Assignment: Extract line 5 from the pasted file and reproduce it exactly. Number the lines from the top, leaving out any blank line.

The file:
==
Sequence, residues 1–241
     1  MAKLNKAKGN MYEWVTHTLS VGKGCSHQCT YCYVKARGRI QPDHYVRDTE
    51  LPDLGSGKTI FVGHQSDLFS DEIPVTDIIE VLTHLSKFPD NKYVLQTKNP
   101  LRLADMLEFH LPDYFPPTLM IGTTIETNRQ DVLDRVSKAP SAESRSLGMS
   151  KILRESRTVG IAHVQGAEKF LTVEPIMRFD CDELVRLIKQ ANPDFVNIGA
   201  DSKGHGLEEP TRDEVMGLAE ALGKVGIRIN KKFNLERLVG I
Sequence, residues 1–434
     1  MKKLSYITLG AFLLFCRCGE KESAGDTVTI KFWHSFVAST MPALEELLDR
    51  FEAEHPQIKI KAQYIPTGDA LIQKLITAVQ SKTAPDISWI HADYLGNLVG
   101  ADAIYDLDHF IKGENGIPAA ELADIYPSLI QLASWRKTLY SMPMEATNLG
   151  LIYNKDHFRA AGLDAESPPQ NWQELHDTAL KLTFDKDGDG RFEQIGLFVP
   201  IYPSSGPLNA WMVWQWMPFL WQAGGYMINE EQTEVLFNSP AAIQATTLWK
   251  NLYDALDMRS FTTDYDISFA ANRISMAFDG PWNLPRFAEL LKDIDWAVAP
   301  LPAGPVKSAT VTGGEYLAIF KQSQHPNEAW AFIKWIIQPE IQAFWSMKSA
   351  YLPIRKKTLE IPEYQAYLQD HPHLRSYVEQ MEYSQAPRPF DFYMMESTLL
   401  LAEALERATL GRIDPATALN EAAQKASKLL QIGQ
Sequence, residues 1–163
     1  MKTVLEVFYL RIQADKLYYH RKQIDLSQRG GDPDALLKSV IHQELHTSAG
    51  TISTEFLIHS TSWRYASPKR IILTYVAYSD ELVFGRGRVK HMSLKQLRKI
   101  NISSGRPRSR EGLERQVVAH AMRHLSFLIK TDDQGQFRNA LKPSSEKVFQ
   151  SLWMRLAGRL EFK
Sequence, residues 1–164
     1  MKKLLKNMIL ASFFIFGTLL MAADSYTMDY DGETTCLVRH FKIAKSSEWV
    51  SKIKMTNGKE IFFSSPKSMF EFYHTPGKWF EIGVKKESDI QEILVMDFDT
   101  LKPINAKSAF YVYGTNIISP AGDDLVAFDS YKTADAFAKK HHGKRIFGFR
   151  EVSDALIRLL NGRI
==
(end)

   151  KILRESRTVG IAHVQGAEKF LTVEPIMRFD CDELVRLIKQ ANPDFVNIGA